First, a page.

An email we received recently from one Women & Golf reader got us all questioning the format of mixed golf, and whether handicaps are where we’re all going wrong.
By Charlotte Ibbetson
The topic of mixed golf is one I’ve written about (and questioned) a few times before. It’s not that I disagree with mixed golf – I think the principles behind it are exactly what the game needs – it’s just that I’m not sure we’ve quite cracked yet how to use it to achieve what we want: a fairer, more inclusive and accessible game.
And an email I received from a Women & Golf reader confirmed that suspicion. She told us about a mixed fourball betterball open she’d played in; “before we started, our playing partners (both men) were embarrassed to explain how the competition had been organised. We all played from the yellow tees, off 90% of our handicap, but we’d receive six extra shots as women”.
“It didn’t seem fair. Six extra shots hardly made up for teeing off so far behind the reds.”
“But what made it even more difficult was that holes that usually measure as par 5s from the red tees were automatically made much harder as par 4s from the yellow tees.”
And I have to admit, I agree. It’s hard to argue that the format didn’t favour the men. Not only physically was the course much tougher for women but mentally too. We earn our handicaps rightly and fairly from the red tees, the men earn theirs from the whites. They moved forward, whilst the women moved back – does six shots really compensate for that?
So, how were those six shots worked out? According to England Golf, “in stableford competitions played from different tees, the relationship between the par and Standard Scratch Score (SSS) determines scoring. This results in a different number of stableford points required to ‘play to handicap’ and an adjustment is necessary. The difference is applied to the players who need the fewest stableford points to play to handicap.”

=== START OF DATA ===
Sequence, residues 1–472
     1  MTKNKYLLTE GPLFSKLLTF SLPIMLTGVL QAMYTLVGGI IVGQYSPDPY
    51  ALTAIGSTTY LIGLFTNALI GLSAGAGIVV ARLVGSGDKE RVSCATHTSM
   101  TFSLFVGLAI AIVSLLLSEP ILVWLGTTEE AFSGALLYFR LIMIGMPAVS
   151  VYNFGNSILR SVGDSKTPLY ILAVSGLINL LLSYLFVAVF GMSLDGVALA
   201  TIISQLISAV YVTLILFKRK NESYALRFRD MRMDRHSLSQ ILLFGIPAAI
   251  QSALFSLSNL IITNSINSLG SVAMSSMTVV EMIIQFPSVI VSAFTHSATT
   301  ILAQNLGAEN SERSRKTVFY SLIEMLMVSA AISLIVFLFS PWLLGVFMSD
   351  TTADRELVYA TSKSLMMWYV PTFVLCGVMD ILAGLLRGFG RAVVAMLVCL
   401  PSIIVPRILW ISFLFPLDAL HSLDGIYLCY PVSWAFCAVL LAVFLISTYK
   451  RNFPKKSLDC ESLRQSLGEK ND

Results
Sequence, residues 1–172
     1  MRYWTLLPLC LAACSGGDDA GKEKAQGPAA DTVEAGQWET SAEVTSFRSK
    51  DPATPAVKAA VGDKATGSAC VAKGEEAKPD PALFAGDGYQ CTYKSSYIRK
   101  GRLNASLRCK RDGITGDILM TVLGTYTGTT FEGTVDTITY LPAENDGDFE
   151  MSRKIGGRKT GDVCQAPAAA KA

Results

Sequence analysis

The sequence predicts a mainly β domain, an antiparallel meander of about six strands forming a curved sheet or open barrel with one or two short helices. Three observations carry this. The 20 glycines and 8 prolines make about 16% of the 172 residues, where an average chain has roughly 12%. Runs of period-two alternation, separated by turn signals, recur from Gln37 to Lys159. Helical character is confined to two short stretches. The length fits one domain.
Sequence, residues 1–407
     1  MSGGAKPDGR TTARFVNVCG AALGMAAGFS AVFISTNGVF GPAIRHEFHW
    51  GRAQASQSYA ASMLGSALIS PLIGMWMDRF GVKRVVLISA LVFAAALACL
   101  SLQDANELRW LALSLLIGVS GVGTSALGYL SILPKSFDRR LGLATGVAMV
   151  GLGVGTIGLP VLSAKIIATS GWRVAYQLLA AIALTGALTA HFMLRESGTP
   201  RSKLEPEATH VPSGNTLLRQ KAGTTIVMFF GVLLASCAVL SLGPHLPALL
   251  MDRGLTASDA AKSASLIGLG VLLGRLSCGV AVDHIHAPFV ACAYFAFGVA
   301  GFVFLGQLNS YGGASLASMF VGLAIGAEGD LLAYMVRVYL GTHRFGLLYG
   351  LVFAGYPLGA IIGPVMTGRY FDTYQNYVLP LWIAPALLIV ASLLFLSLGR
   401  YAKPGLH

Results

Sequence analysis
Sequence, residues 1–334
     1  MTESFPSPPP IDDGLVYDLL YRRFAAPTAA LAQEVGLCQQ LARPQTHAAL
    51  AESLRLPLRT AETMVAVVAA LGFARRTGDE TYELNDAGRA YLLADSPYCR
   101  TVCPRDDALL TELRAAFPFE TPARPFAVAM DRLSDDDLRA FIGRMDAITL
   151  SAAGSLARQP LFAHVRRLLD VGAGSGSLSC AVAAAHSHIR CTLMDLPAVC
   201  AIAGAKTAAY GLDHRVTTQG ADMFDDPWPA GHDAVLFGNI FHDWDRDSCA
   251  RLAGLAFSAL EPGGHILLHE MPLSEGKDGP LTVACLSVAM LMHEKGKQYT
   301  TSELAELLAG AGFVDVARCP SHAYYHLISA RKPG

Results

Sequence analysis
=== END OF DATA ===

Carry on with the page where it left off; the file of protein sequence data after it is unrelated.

Clear as mud? Here’s an example: The SSS from the yellow tees at club X is 70 and the par is 71. Men therefore need 37 points to play to their handicap. On the same course, the SSS from the red tees is 73, and the par is 72. That means that women need 35 points to play to their handicap. As women need the fewest stableford points to play to their handicap, two shots (the difference between 35 and 37) is added to their handicaps.
At a professional level, the LET, LPGA, European Tour and PGA are all making headway in addressing the gender imbalance with events like GolfSixes and the ISPS Handa Vic Open, where men and women compete side by side for the same prize money. We’ve even just heard that in June, Henrik Stenson and Annika Sörenstam will host the inaugural Scandinavian Mixed tournament, where men and women will go head-to-head on the same course for one prize fund and one trophy. It seems to be working in the professional game, but how do we make that success cascade down to grass root level?
Will the imminent World Handicap System help? Hanging on the promise of making the game more inclusive, WHS will see some significant changes in the way handicaps are worked out and maintained, and it will be interesting to see how that will impact the format of mixed golf in the amateur game.
Martin Slumbers, Chief Executive of The R&A said, “our hope is that the launch of the WHS will be a catalyst for change; signalling the start of a new era of golfer engagement, being inclusive by embracing all golfers, whatever their level of ability.”
Here’s hoping …